On Sunday, Apple received a lower shipment of high-end iPhone 14 models less than what was previously anticipated, This was caused by a significant production cut at a major plant in China affected by COVID-19 restrictions.
“The facility is currently operating at significantly reduced capacity,” Apple said in a statement without elaborating on how much production has been impacted.
“We continue to see strong demand for iPhone 14 Pro and iPhone 14 Pro Max models. However, we now expect lower iPhone 14 Pro and iPhone 14 Pro Max shipments than we previously anticipated,” it said.
Reuters last month reported that production of Apple’s iPhones could slump by as much as 30 percent at one of the world’s biggest factories in November due to tightening COVID-19 curbs in China.
Its main Zhengzhou plant in central China, which employs about 200,000 people, has been rocked by discontent over stringent measures to curb the spread of COVID-19, with many workers fleeing the site.
Market research firm TrendForce said last week it has cut its iPhone shipments forecast for the December quarter by 2-3 million units, from 80 million previously, due to the troubles at the Zhengzhou plant, adding that its investigation of the situation found that the factory’s capacity utilization rates were now around 70 percent.
Apple, which launched sales of the new iPhones in September, said customers will experience longer wait times to receive their new products.
“Anything that affects Apple’s production obviously affects their share price,” said Quincy Krosby, chief global strategist at LPL Financial in Charlotte, North Carolina.
“But this is part of a much deeper story – the uncertainty surrounding the future of the Chinese economy. These headlines are part of the ongoing saga as to whether there is any truth to the consistent rumors that authorities are discussing whether some of the measures will be lifted in the first quarter.”
China on Sunday reported its highest number of new COVID-19 infections in six months, a day after health officials said they were sticking with strict coronavirus curbs, likely disappointing recent investor hopes for an easing.
Foxconn cuts outlook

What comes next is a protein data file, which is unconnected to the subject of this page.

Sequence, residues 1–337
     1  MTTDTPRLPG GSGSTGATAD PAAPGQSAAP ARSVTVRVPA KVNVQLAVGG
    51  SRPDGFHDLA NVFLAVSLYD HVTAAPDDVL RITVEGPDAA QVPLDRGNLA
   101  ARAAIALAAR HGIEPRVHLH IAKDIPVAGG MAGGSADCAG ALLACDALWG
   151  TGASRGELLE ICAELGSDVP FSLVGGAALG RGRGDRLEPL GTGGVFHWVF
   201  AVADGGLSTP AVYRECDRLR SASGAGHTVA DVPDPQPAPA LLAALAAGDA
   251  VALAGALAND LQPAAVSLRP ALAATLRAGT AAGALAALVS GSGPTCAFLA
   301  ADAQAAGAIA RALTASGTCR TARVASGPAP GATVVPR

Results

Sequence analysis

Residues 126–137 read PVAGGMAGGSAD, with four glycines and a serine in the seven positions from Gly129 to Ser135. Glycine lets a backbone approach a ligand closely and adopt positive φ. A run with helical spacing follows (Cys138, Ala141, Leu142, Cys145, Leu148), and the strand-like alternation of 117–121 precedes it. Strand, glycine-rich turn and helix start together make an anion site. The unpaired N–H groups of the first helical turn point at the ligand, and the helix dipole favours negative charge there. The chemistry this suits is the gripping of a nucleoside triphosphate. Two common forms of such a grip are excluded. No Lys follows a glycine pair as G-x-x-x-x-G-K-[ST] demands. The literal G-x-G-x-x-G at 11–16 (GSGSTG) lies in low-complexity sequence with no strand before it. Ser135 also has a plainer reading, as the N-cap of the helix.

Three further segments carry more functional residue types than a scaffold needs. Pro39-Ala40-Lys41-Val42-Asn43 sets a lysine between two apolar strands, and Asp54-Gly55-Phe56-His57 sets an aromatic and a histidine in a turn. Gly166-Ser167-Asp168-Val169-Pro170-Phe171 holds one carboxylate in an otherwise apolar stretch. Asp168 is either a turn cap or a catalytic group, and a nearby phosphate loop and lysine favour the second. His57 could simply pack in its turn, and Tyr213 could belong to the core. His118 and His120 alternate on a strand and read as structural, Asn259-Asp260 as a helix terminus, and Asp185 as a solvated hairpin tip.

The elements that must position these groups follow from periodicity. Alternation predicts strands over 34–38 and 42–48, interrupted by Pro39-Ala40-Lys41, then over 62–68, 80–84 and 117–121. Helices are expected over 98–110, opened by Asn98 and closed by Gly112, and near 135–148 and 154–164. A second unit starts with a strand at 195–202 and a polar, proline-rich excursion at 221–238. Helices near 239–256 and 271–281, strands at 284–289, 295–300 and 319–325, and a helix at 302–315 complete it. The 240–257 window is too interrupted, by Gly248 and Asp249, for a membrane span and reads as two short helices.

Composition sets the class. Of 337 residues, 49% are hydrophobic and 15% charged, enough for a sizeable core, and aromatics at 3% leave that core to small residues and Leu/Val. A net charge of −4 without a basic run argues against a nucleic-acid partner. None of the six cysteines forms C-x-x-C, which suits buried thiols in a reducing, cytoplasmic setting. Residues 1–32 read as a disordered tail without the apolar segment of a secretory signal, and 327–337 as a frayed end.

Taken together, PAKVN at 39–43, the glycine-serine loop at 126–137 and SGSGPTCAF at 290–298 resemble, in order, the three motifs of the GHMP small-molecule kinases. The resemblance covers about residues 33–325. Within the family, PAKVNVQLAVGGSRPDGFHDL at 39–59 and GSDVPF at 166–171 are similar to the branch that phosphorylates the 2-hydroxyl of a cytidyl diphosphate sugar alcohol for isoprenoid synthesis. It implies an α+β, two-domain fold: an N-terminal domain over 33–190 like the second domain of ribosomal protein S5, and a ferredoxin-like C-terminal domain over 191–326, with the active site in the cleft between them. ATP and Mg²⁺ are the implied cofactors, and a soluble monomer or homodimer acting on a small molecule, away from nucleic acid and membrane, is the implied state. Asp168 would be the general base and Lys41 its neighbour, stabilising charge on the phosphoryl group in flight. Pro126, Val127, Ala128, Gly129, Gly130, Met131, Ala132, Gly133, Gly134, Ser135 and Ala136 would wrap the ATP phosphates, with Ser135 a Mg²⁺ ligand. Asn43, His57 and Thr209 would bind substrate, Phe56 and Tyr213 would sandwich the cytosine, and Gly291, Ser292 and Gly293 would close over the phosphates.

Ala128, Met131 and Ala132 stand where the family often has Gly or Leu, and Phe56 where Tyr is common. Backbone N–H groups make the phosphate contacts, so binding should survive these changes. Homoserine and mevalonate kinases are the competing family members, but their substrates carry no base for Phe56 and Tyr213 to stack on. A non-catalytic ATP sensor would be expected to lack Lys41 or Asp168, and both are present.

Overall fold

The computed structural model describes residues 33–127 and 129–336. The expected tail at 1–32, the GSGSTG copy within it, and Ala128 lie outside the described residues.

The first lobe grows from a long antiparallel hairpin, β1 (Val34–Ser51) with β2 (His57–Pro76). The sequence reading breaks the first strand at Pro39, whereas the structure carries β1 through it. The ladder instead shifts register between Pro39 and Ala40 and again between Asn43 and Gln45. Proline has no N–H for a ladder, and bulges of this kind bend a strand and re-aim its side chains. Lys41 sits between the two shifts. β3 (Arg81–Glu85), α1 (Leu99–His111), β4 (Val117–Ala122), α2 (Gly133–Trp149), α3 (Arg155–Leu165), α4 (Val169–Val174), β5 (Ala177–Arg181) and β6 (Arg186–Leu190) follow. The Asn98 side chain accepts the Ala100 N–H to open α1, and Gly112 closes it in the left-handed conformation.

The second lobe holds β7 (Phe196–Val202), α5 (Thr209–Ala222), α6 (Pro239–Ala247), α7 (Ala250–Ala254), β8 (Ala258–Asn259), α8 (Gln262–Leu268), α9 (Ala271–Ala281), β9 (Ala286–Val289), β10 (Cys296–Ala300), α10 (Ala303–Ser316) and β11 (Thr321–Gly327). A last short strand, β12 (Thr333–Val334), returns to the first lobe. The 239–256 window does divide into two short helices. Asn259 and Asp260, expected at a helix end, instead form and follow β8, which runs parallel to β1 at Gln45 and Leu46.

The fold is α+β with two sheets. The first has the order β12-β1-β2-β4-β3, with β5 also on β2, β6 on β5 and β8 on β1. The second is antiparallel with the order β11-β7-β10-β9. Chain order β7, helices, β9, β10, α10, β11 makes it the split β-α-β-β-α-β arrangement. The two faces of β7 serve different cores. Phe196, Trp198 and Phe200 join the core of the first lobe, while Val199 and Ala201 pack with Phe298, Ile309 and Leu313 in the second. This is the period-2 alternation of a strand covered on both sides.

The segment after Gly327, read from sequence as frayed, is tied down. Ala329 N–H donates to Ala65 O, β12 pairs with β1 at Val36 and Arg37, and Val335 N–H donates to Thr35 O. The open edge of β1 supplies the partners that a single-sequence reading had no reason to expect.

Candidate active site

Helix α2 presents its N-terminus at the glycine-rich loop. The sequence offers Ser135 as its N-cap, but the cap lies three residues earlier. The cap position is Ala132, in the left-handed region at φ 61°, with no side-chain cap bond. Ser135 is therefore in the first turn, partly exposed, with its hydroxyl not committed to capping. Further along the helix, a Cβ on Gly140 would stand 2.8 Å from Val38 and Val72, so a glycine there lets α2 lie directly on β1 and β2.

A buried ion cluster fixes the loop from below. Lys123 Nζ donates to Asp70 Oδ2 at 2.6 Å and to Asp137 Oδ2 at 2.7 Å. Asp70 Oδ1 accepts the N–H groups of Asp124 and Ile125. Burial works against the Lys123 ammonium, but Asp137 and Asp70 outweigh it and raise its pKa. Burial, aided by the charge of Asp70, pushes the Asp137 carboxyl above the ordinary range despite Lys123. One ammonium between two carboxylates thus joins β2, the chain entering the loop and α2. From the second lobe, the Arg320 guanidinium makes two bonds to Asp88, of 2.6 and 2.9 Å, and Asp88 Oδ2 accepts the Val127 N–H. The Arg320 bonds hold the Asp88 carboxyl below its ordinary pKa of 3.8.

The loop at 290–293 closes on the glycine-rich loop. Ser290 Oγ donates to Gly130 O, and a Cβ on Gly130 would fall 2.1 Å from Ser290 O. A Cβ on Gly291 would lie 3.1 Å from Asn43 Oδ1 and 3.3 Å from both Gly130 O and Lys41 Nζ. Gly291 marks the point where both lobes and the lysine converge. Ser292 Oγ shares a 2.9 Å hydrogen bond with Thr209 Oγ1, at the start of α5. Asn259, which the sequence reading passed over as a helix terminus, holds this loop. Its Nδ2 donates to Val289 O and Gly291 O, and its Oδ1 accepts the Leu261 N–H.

Taiwan’s Foxconn, the operator of the Zhengzhou factory, said on Monday it was working to resume full production at the plant as soon as possible and revised down its fourth-quarter outlook.
It said it would implement new measures at the plant to curb the spread of COVID-19, which include a system that restricts factory workers’ movement.
China ordered an industrial park that houses the iPhone factory to enter a seven-day lockdown on Wednesday, in a move set to intensify pressure on the Apple supplier as it scrambles to quell worker discontent at the base.
The Zhengzhou Airport Economy Zone in central China said it would impose “silent management” measures with immediate effect, including barring all residents from going out and only allowing approved vehicles on roads within that area.
Foxconn, the world’s largest contract electronics maker, said in a statement that the provincial government in Henan, where Zhengzhou is located, “has made it clear that it will, as always, fully support Foxconn in Henan”.
“Foxconn is now working with the government in a concerted effort to stamp out the pandemic and resume production to its full capacity as quickly as possible.”
Foxconn, formally Hon Hai Precision, is Apple’s biggest iPhone maker, accounting for 70 percent of iPhone shipments globally. It has other smaller production sites in India and southern China.
Having previously guided for “cautious optimism” in the fourth quarter, Foxconn said it will “revise down” its outlook given the events in Zhengzhou.
The fourth quarter is traditionally the hot season for Taiwan’s tech companies as they race to supply cellphones, tablets, and other electronics for the year-end holiday period in Western markets.
Foxconn releases third-quarter earnings on November 10.